The gravesite and the marathon

March 21, 2016

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I have a friend who visits his mother's burial site each year on the anniversary of her death. When the day comes, the mood is always solemn and deeply reflective--and tremendously difficult for other people in his life. What they don't know is that this annual ritual is generative, corrective. It helps anchor my friend for the rest of the year. 

I have another friend who almost never visits his parents' gravesite. Instead, he runs a marathon and raises money to fight the thing that took his mother's life. He works very, very hard, and brings in about $10,000 each year to help others. 

They're both entitled to hold memory however they wish, and they're both right. Exodus 12 describes the Passover and tells the people to keep it as a "day of remembrance," to "observe it as a perpetual ordinance." Visit the gravesite. In John 13, Jesus tells his disciples, just before the Passover, to wash the feet of others. Run the marathon.

Jesus isn't dissing the Passover here. God has done this amazing thing--rescuing the Israelites from Egypt--and now they are called to do amazing things as well, in sacred memory. You know how we have ancestors who have come and gone and, if we're honest, are really no more than names for us? Jesus is saying that's the wrong way to remember. Something has to be done to keep that memory alive, to keep what was sacred about that moment alive in our consciousness and in the collective conscience of society.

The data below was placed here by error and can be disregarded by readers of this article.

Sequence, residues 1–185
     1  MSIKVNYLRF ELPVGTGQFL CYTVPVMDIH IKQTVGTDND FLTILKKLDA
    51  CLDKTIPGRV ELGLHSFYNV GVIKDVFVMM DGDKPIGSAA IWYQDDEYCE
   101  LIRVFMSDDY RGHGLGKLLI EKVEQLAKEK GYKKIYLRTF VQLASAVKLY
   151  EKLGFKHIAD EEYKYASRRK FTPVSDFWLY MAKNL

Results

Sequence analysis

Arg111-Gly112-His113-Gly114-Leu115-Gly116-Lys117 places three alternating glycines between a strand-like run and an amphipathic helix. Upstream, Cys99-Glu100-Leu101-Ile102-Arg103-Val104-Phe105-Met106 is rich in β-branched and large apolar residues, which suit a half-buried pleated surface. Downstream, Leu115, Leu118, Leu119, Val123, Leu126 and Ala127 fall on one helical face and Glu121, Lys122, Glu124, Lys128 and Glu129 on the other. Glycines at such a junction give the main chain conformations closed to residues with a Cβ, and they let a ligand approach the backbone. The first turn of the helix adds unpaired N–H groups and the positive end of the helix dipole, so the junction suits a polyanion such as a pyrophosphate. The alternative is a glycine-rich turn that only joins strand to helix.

I think this speaks to the way even the most firmly held beliefs can be forgotten in times of anxiety and unrest, even in times of plenty. Something happens, and as a natural part of the process we move on: we're supposed to. But does the past serve to haunt us or strengthen us? If the Hebrew people were so anxious to be leaders of nations, how would it help to remember their being rescued from a place of helplessness? Is this the anchored humility that the prophets will later call for as the recipe for restoration? How might the early centuries of the church have looked different if, in the midst of theological arguments and apologetics, everyone had paused and remembered their collective call to foot-washing?

Maundy Thursday is an opportunity to pause and reflect, remember and re-center. It's a chance to hear again that, ultimately, the life of Jesus was a life of service--done publicly so that we might imitate it. And that the blessing was in the activity that came with that sacred memory--not simply believing, and not simply acting, but joining the two. That's what makes memory "sacred." 

We should find again in our lives the space for sacred days of remembrance. We might use this moment late in Jesus' ministry to reconnect with our own deep humility, which does not seek glory but seeks to wash the feet of others.